Can you be blamed for your child’s sledding accident? Read on to learn how you can help prevent injuries and avoid partial blame for any serious trauma.

How can I protect my child against sledding injuries while also preventing my liability for negligence?



child crashing on sledWhen your child is severely injured in a downhill accident, the first action you must take is ensuring his injuries are treated. No matter the external injuries, all accidents should be treated as severe—a minor bump on the head or nose bleed could be indicative of a larger problem. Once his medical needs are addressed, you can then turn your attention on the legality of the situation.

When pursuing an injury claim on behalf of your child, it’s important to know that Washington is a comparative fault state. Comparative fault means that an accident can have multiple responsible parties. Therefore, in addition to the inherent difficulties of pursuing a claim, you’ll also face the very real possibility that the insurance company will try to shift blame in your direction. Rather than admitting fault, adjusters will suggest that you were partly to blame for your child’s injuries, and consequently responsible for his recovery. 

Safety Measures That Can Help You Avoid Partial Negligence

However, by taking steps to protect your child, you can not only decrease his risks but also decrease the risk of liability accusations. These steps include the following:

  • Address safety awareness and importance. Talk to your child about the risks involved with sledding. Let him know that braking can be difficult, and high speeds can cause control issues.
  • Explore the sled site. Sliding and tubing sites should be scrutinized before a sledding adventure. Research the area online as well as in person. An ideal spot should be clear of brush, set far away from parking lots and roads, and smooth grounds. Remember that snow can cover potentially hazardous obstacles, so if possible, try to find a photo of the area that was taken before the snow began to fall. This will allow you to map out certain areas and avoid any surprise stumps or debris that could be hidden.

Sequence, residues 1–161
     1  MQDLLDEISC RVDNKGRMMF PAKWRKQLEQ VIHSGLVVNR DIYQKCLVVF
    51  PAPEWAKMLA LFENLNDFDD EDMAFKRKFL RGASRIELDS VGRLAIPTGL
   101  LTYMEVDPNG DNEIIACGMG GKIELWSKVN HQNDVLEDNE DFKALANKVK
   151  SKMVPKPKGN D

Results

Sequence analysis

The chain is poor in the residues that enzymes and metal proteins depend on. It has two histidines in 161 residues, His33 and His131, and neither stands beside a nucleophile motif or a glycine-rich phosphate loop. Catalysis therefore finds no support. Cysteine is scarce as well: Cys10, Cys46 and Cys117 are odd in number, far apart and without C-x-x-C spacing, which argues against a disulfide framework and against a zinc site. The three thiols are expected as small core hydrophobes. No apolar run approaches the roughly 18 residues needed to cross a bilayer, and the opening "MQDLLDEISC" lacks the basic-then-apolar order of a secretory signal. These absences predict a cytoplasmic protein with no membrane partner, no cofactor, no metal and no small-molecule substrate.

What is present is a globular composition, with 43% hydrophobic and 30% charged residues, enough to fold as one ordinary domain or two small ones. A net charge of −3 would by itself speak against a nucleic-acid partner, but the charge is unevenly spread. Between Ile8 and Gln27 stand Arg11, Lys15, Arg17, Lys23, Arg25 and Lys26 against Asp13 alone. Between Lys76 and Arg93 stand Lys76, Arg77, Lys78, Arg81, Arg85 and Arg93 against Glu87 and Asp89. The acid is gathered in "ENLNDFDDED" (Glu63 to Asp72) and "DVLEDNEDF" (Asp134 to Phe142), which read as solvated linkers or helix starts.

• Keep an eye on clothing conditions. In addition to making sure your child is appropriately dressed for the cold weather, you must also monitor his clothing throughout the day. Melting snow, sweat, and mud can all seep into the fabric, and lead to a loss of body heat and eventual frostbite or hypothermia. Periodically check your children and ensure that their clothing remains dry and any exposed areas of skin are not chapped.
  • Confirm equipment safety. Never allow your child to use a broken sled, toboggan, or snow-tube. Inspect all equipment thoroughly before use to ensure their stability and safety.
  • Monitor energy levels. Tired bodies make mistakes. Therefore, although your kids may be reluctant to stop playing, you must be the parent and insist on breaks to rest and warm up.
  • Secure experienced legal representation. Filing a personal injury claim, even a straightforward and easily provable claim, can be distressing. Pursuing a claim on behalf of an injured child, on the other hand, especially a claim where liability can be shared, is enough to make anyone give up.

With the help, guidance, and resources of the Andrew Kim Law Firm, PLLC, there’s no need to worry. Attorney Kim has been helping parents like you build strong injury claims for their children for over 25 years. Contact our office today via telephone, email, or chat to allow his experience to work for you and your family. Trust us, once you’ve secured representation, the compensation process will be all downhill from there. Call now!